Saving on pets: No thanks!

Survey: How do crises and inflation affect pet ownership?

Hanover. Many people are suffering from the ongoing global crises. Wars, climate change and persistent inflation are making people afraid. We have long felt that this tense social situation is affecting our daily lives. But are these crises also affecting pet ownership? Are pet owners saving more on their animals or spending less time with them because they have to work more for financial reasons? Or are pet owners, on the contrary, more “advantaged” because they enjoy the support of their four-legged friends in these uncertain times? Agila Pet Insurance got to the bottom of these questions with an exclusive, representative survey of 660 pet and non-pet owners.

AGILA infographic cost increaseThe good news: According to the survey, people save the least on their own pets – and this is across all income groups. The majority of survey participants say that they are strongly affected by the current social situation and complain about rising costs for their animals. The respondents report increased costs, especially for the animals' health care, food and diets, but also for animal care and supervision. Nevertheless, only 7 percent of those surveyed are saving on their pet expenses. Restaurant visits, leisure activities or vacations are more likely to be cut. “It is of course very gratifying that most people take good care of their pets even in these difficult times. But I also think another result of our survey is very important: four out of five people find their pets to be a great support in these times of crisis,” says Agila expert Franziska Obert. 64 percent of those surveyed even agree with the statement that their pets make them more balanced and better able to deal with the stressful situation. The fact that dogs and cats provide emotional support for many people is nothing new, but “the fact that people prefer to restrict themselves rather than their pets in times of crisis shows all the more how important animals are to us today as full family members,” says Obert. This is also consistent with the result of the question as to whether an animal has ever had to be given away due to the overall social situation. 96 percent of those surveyed answered no, and only one in five would not consider acquiring another animal in view of the crisis situation.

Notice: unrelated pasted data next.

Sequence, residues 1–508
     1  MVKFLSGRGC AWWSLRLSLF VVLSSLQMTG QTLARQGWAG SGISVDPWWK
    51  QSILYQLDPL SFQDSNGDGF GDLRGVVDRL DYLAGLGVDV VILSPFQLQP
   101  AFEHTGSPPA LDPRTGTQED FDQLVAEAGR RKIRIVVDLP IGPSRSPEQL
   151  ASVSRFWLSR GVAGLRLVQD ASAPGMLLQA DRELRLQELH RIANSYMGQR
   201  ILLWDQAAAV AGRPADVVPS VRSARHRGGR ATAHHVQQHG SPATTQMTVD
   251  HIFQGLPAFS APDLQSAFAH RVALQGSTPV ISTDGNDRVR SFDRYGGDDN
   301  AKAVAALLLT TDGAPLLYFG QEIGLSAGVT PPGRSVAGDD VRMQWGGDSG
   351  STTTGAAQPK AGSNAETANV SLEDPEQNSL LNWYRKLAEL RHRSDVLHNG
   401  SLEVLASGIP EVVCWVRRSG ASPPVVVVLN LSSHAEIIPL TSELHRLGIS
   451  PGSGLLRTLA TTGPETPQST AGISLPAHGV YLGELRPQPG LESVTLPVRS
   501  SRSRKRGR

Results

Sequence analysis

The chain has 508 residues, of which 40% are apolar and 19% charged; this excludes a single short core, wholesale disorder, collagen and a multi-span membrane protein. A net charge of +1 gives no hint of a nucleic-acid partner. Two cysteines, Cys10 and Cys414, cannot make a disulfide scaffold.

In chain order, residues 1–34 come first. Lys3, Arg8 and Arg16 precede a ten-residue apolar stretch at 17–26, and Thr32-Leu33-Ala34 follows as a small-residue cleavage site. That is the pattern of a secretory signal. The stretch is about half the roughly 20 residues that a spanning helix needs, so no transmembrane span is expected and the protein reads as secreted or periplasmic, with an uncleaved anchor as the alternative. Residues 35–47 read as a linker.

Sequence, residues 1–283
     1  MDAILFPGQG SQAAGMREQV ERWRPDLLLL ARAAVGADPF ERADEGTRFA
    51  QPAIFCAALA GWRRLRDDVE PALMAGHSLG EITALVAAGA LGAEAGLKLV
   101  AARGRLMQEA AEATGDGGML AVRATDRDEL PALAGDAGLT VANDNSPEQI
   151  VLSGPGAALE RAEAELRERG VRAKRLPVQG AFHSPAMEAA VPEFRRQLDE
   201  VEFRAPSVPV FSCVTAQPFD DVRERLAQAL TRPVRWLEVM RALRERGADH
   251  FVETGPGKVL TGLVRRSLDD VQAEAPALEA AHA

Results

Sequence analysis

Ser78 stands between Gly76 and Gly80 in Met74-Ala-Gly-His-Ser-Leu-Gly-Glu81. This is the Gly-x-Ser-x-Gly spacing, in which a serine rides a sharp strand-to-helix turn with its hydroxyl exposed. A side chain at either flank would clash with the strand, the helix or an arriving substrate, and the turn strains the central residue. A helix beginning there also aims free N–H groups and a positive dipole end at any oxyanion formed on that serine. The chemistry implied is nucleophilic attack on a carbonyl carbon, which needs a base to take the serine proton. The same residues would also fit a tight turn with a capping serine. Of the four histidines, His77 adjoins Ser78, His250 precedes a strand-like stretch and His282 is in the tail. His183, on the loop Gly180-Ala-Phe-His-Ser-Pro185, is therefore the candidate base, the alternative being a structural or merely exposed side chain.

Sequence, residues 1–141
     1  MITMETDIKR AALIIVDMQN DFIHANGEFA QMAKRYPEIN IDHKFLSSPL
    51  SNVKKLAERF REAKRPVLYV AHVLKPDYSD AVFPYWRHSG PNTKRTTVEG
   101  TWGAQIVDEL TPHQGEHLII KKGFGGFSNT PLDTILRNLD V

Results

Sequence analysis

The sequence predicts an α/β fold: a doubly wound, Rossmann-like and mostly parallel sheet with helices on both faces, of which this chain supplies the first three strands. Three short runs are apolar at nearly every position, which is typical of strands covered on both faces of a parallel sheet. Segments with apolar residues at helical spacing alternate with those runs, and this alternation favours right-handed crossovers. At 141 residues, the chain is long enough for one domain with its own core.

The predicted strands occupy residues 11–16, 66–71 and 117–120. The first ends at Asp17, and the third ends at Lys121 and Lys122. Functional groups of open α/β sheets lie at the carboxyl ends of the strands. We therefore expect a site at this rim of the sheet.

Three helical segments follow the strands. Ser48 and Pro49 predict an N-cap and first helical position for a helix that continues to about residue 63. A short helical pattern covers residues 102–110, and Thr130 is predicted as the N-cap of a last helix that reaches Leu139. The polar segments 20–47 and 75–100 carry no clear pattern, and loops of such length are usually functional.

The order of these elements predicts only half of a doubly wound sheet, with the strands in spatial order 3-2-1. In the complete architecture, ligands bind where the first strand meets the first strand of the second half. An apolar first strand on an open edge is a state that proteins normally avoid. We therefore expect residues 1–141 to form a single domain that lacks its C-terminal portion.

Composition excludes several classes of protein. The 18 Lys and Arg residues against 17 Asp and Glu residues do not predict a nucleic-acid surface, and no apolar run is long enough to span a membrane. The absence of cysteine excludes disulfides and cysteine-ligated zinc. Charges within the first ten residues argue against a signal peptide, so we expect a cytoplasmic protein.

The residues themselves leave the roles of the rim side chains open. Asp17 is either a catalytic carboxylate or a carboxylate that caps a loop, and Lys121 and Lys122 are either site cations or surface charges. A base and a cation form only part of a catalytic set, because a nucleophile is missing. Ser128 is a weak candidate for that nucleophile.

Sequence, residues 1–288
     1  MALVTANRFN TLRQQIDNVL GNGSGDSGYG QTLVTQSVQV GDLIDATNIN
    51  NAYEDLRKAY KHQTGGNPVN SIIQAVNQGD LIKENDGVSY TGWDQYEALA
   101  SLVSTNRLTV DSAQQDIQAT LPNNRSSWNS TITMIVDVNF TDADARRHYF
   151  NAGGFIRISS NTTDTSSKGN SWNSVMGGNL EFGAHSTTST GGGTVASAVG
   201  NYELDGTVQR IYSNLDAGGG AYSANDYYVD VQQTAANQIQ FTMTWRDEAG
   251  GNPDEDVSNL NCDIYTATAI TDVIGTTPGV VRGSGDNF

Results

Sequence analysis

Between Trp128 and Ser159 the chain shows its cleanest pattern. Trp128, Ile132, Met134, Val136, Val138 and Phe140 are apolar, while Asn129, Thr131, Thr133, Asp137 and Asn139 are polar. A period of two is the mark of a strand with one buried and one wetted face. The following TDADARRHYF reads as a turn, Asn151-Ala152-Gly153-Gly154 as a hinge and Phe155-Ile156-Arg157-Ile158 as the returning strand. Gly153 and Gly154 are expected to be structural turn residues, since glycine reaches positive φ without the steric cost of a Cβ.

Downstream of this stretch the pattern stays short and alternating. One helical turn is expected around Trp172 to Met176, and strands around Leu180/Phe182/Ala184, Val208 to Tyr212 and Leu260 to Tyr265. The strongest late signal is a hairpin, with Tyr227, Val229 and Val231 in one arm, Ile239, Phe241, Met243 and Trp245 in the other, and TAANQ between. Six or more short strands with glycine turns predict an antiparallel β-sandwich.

As pleasing as these survey results may be for our four-legged friends, there are of course also negative effects of the global crises on pet ownership: For example, one fifth of those surveyed say they have less time to look after their animals. This figure falls among families with children (with 30 percent) and among younger people (16 to 29 years: 38 percent) even higher. Just over a third (35 percent) of the survey participants limit visits to the essentials. And more than half of those surveyed now consider keeping a dog or cat to be an expensive hobby (55 percent). Among people with low incomes, 64 percent even hold this view. This is why some pet owners develop a variety of strategies to be able to provide the best possible care for their pets despite tight financial and time constraints. They become creative, make toys themselves, for example, or pay more attention to the sustainable use of toys and accessories. In addition, a relatively large number of (over a third) According to the survey, pet owners regularly spend money on the health care of their pets. “Another option to ensure the best veterinary care for your beloved four-legged friend, despite the increased costs in all areas, is to take out pet health insurance. Because in the end, what counts is that all family members, whether two-legged or four-legged, are well,” says Obert.